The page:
Government Swiss Franc Loan Conversion Policy Jeopardises Public Debt Financing
On 9 December, the banking group Raiffeisen Stajerska announced they had submitted a request to the Croatian Constitutional Court for a constitutionality review of the Consumer Credit Act, thus joining other lenders who already filed similar requests. The Raiffeisen group said the contested legislation has a retroactive application and also violated the constitutional right of non-discrimination by placing foreign creditors in an unfavourable position, as opposed to local banks.
In September, in order to curry favour with voters before the November elections, the SDP-led government proposed and the Sabor adopted amendments to the Consumer Credit Act and the Credit Institutions Act, aimed at helping some 55,000 Croatian citizens cope with rising payments of Swiss franc (CHF) – pegged loans. The legislative changes essentially introduced a forced conversion of all CHF-pegged loans to euro-pegged ones (see LPJs 148 and 151).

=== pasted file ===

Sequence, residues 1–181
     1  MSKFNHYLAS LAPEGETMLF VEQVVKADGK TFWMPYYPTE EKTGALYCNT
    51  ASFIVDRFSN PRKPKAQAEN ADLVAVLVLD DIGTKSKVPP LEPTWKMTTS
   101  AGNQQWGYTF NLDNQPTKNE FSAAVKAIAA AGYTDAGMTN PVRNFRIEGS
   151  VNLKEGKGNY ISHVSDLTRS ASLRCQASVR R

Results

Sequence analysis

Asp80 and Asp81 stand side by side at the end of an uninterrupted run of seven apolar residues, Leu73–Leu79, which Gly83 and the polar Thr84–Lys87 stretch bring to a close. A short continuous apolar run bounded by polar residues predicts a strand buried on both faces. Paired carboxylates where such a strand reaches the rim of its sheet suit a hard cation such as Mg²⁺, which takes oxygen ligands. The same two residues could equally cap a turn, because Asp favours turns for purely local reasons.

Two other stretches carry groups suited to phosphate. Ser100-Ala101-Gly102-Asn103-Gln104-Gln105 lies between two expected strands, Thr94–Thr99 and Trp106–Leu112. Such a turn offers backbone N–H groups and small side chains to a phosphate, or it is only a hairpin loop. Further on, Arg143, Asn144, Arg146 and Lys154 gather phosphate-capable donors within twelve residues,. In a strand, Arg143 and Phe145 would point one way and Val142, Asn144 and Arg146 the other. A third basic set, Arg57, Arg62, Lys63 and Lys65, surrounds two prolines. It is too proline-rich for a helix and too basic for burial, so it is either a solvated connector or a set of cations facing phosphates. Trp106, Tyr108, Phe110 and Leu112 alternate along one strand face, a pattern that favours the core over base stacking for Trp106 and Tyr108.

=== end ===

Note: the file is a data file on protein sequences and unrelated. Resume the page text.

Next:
According to the Croatian National Bank’s (HNB) preliminary results from 1 December, the banking sector already recorded €589 million in losses, due to the conversion. For instance, Erste Bank was among the banks affected the most, turning semi-annual profits of €12.7 million into a €118.4 million in losses. Regarding loan-holders, according to some estimates, interest rates had decreased for approximately 60% of them; in contrast, those who took out Swiss-pegged loans in the period 2003-2005 had seen their instalments increase, due to interest rates on euro loans being substantially expensive at the time…